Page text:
It’s National Pet ID Week, are you prepared, or is your dog prepared if she suddenly goes missing? Did you know one in three pets will become lost at some point in their lives? That is a scary statistic. We lost one cat, and it still haunts my mom. Today I want to howl a bit about how to help your pup safely be returned home.
Microchip Your Dog
The simplest way to permanently provide your dog with a form of identification is a microchip. Most good breeders either microchip puppies before they go to their forever homes, or require new owners to have them microchipped within a certain amount of time. Getting a microchip is practically painless. The chip is about the size of a piece of rice which is encoded with a unique and unalterable identification number. A microchip is implanted just under the skin, in the scruff of the neck. One needs a scanner to read the chip.
A few important points on microchips:
- Have them tested at every vet visit to ensure they work properly.
- Keep your information updated as it is no good to have a chip if you moved and didn’t change your address or phone number.
- Not every country has the same type of microchips, or locations where they are placed. If you move out of the country, check with your veterinarian to make sure you don’t need a second chip.
Once your dog has a microchip, it is helpful to hand the tag on the collar so anyone finding your dog knows they are chipped. Most chips come with a tag, but there are some fun options you can purchase online as well. Bailie likes her chip tag, “have your people call my people”.
Tags On Your Dog’s Collar
It’s National Pet ID Week, so of course we want to make sure our friends are all easily found if they get lost. We are chipped, and we also wear three tags on our collars.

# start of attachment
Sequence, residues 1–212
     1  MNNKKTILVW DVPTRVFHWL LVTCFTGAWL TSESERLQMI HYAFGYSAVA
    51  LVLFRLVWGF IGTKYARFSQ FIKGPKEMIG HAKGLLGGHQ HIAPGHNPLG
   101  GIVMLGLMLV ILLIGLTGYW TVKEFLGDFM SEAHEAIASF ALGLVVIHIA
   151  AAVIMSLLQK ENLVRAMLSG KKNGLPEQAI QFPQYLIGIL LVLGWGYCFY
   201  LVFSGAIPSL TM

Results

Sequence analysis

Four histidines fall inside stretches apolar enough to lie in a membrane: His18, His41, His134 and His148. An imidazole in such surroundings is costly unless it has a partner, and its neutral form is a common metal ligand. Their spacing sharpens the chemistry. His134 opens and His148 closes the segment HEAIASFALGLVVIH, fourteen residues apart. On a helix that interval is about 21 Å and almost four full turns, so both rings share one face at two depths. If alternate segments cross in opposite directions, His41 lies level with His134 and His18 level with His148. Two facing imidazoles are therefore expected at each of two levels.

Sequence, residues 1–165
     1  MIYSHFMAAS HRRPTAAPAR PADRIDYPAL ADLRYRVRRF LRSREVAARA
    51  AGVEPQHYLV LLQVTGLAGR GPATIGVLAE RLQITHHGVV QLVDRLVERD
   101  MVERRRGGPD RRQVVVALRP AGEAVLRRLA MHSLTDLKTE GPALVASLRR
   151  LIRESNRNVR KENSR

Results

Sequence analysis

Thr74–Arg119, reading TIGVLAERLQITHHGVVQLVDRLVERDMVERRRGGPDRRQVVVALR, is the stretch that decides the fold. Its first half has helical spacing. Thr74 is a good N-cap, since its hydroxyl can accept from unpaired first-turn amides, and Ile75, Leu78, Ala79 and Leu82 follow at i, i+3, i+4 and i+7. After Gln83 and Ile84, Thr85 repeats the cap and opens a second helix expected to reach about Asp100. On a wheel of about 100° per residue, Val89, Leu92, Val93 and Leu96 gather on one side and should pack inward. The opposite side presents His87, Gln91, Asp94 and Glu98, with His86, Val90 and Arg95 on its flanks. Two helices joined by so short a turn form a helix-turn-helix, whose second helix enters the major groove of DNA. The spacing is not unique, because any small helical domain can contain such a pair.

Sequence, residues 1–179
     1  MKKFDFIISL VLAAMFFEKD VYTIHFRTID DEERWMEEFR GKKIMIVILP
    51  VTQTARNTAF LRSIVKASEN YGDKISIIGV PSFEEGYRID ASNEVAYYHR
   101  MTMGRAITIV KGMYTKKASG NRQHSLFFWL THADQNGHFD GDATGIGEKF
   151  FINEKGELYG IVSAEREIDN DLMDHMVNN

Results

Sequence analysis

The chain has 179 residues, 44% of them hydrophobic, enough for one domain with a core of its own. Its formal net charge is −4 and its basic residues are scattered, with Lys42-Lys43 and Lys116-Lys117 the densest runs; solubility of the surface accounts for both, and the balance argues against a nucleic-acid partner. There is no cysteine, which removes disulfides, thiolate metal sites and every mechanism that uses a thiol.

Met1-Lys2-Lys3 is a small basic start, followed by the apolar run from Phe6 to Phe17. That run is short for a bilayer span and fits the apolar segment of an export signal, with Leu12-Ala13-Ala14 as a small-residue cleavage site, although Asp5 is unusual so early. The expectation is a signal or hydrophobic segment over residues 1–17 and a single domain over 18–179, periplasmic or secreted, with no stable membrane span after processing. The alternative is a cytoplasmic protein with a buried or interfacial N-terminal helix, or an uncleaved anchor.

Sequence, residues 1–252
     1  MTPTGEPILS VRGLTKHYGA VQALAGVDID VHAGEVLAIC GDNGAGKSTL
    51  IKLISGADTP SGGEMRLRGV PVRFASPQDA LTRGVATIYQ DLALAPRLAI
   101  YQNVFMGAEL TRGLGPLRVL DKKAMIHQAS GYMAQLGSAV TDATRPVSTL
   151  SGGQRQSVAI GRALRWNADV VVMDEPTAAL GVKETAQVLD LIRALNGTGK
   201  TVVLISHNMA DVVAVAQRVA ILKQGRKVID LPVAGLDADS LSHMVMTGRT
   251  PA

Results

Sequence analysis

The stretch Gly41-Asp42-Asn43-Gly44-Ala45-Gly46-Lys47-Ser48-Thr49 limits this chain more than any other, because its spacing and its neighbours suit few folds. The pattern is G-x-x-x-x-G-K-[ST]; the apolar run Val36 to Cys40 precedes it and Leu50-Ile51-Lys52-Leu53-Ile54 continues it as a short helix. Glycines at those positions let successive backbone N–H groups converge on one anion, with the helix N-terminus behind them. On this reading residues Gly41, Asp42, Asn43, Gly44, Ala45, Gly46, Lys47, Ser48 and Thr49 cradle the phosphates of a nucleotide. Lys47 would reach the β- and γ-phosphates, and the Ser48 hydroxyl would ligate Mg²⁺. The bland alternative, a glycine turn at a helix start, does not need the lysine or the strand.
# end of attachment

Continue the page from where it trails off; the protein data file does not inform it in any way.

The Basic ID Tag
The basic ID tag is a real no brainer. Mom has found several dogs over the years, and none of them had tags. Rather than being able to simply call the owner, she had to call animal control. Most people who find a lost dog will call the number on an ID tag, but whether they go to the trouble of calling a vet or animal control if there is not tag, is questionable.
Our favorite ID tags are the Silver Paw Pet Tags. Bailie has had hers for almost five years and it is good as new. They are not cheap, but they last a lifetime and the writing on the back side does not wear off like on cheaper tags. Regularly check your dog’s ID tag to make sure the information is correct, and still legible.
The Dog License
Our second tag is our dog license from our city. Technically, you are required to license your dog in most cities, but most people don’t bother because it is an expense. We are licensed because if we end up with the cops, they will see our license and know exactly who we are. It is another way for us to get back home quickly. We keep the license sandwiched between our ID tag and our chip tag.
A Microchip Tag
As previously mentioned, we wear a tag with our chip information on it. If we are found, the human will know we have a chip. Mom says she prefers to be quadruple safe when it comes to finding us, and overkill is just fine!
Don’t Like Jingling, No Problem
There are people out there who dislike the jingle of collar tags. My mom happens to love the jingle. Normally, she tunes it out, but when she is wondering what we are up to, she always uses the jingles to know where we are at at the moment. If you don’t want jingles, you can purchase collars with a plate that holds your information.
We don’t like jingling when we do our nose work, and the tags can get caught on things we are sniffing too. For this reason, we each have a collar with our information on the metal plate.
Accidents happen to even the most careful and responsible dog owners at any time. Is your dog well prepared to be found should she go missing?